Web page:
Chambers sent the Homeowners four more letters between April
and October 2007, but the Homeowners did not take any
corrective action. On October 24, 2007, Chambers sent another
letter to the Homeowners, informing them that the Homeowners
owed $645 in fines. The letter further provided that it was
the Homeowners' final notice, that the Homeowners had
until November 26 to pay, and that the letter served as
"an attempt to collect a debt[.]"
December 2007, Galyn Manor retained Andrews & Lawrence
Professional Services, LLC ("Andrews") to provide
legal services and to collect overdue assessments. By March
2008, the Homeowners accrued $1, 500 in parking violations,
while also falling behind on their quarterly assessment
payments. Andrews notified the Homeowners in April 2008 that
it represented Galyn Manor and that the Homeowners owed $2,
632.84 in "assessments due, late fees and costs of
collections, including attorney's fees, authorized by the
Declaration." The letter did not specifically provide
whether the fines from the parking violations were included
in the stated amount. Andrews warned the Homeowners that it
would accelerate the debt and file a lien if the Homeowners
did not satisfy the debt within thirty days.
further provided the Homeowners with notice of their rights
under the Maryland Contract Lien Act ("MCLA").
Specifically, Andrews advised the Homeowners that the debt
would be presumed valid unless the Homeowners disputed its
validity within thirty days. The Homeowners did not dispute
the debt or otherwise respond to the letter within the
thirty-day period. Andrews also attached a statement of the
Homeowners' account, which itemized each individual
charge. A statement of lien was filed and recorded in June
2008 in the amount of $3, 581.88. This amount represented the
amount due and owing at the time, i.e. $2, 632.84, plus
interest, late fees, attorney's fees, and costs.
Homeowners responded to the notice on August 28, 2008. In a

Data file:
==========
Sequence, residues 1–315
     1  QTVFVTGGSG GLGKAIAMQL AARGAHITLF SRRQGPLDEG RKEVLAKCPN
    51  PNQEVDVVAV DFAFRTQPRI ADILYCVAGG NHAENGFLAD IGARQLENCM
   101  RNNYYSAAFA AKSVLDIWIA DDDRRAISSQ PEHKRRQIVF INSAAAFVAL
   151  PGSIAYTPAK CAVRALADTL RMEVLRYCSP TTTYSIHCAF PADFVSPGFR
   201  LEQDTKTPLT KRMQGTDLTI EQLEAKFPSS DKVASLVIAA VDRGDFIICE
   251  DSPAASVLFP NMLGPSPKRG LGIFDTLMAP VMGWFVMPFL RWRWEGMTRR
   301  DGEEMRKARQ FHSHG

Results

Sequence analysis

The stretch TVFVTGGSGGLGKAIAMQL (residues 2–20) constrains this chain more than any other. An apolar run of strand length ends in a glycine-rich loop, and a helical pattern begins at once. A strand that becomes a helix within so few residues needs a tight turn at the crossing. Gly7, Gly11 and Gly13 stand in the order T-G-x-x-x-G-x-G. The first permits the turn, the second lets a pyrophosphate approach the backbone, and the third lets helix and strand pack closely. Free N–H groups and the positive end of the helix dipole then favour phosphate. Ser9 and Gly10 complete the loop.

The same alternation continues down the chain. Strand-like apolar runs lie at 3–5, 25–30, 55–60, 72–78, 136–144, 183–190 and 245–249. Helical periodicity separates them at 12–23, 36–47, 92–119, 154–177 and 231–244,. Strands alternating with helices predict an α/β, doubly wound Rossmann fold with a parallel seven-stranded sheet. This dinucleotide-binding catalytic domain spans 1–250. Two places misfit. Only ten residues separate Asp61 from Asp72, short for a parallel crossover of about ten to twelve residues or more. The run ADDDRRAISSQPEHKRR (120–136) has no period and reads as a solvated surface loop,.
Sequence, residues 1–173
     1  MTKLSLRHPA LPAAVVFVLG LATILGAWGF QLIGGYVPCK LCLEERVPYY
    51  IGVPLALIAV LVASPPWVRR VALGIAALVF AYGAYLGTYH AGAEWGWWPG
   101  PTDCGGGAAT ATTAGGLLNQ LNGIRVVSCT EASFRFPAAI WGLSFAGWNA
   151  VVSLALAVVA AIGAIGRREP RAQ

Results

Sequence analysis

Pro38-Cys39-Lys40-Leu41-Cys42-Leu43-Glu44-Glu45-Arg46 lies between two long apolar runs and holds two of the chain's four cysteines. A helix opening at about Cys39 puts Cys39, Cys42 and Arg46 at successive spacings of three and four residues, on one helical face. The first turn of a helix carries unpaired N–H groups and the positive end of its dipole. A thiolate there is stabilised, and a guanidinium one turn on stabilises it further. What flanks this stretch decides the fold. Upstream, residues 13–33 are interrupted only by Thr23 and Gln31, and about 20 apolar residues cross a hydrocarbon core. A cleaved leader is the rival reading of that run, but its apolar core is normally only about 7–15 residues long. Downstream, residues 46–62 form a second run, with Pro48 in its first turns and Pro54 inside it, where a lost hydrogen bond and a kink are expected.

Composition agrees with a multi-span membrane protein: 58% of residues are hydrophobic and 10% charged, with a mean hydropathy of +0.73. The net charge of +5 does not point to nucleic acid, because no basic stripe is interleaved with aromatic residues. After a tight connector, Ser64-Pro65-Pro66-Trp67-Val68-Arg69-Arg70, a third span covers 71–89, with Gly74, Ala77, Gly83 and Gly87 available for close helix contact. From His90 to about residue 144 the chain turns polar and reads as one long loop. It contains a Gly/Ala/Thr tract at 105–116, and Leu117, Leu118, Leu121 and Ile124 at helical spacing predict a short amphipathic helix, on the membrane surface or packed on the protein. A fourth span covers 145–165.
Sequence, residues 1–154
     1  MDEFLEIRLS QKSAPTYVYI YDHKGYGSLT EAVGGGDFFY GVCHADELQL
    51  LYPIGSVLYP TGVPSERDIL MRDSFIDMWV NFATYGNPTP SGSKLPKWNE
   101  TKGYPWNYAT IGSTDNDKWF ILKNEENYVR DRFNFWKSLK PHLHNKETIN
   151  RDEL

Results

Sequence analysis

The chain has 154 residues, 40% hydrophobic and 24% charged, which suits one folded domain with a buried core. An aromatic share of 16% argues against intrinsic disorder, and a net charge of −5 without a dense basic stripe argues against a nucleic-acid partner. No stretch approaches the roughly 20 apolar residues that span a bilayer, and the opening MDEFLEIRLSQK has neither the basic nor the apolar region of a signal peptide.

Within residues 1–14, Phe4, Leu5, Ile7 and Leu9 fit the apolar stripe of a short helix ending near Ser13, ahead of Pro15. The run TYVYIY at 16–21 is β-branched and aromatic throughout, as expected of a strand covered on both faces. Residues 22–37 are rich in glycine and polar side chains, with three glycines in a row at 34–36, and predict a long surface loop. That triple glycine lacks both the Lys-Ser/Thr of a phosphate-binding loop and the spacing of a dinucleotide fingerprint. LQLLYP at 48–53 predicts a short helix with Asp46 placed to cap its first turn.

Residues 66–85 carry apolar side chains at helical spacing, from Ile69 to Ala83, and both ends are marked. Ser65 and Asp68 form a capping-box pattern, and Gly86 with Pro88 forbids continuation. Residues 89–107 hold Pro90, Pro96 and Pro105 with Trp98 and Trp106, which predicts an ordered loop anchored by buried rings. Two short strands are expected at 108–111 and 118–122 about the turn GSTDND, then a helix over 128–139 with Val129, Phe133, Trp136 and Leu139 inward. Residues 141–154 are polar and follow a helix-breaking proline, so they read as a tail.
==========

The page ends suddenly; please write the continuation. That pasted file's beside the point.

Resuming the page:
handwritten letter to Andrews, the Homeowners agreed to
"make payment arrangements for all overdue quarterly HOA
dues[, ]" but "dispute[d] the validity of all other
fines." The Homeowners further stated that they were
preparing "factual evidence to proceed with a
hearing." The Homeowners did not explain their failure
to respond within the thirty-day period.
sent the Homeowners a second notice of acceleration and
intent to file a lien in August 2010. Andrews stated that the
Homeowners owed $4, 256.88 in assessments, late fees, costs,
and attorney's fees. Andrews again provided the
Homeowners with their rights under the MCLA, and the
Homeowners again failed to respond within thirty days.
Thereafter, a statement of lien in the amount of $4, 791.58
was filed and recorded.
October 14, 2010, Galyn Manor filed a complaint against the
Homeowners in the District Court for Frederick County. The
District Court entered judgment in favor of Galyn Manor in
the amount of $1, 872.93. In July 2011, Andrews filed a writ
of garnishment on behalf of Galyn Manor, seeking to garnish
funds in the Homeowners' bank account to satisfy the
judgment. Shortly thereafter, the Homeowners asked Galyn
Manor to rescind the garnishment. Galyn Manor agreed to
rescind the garnishment on the condition that the Homeowners
sign a promissory note. Thereafter, a promissory note for $3,
429 was executed. The note obligated the Homeowners to make
monthly payments of $130. The note also included a confession
of judgment and a waiver of exemptions.
Homeowners made two timely payments on the promissory note
before defaulting. Galyn Manor filed a complaint for judgment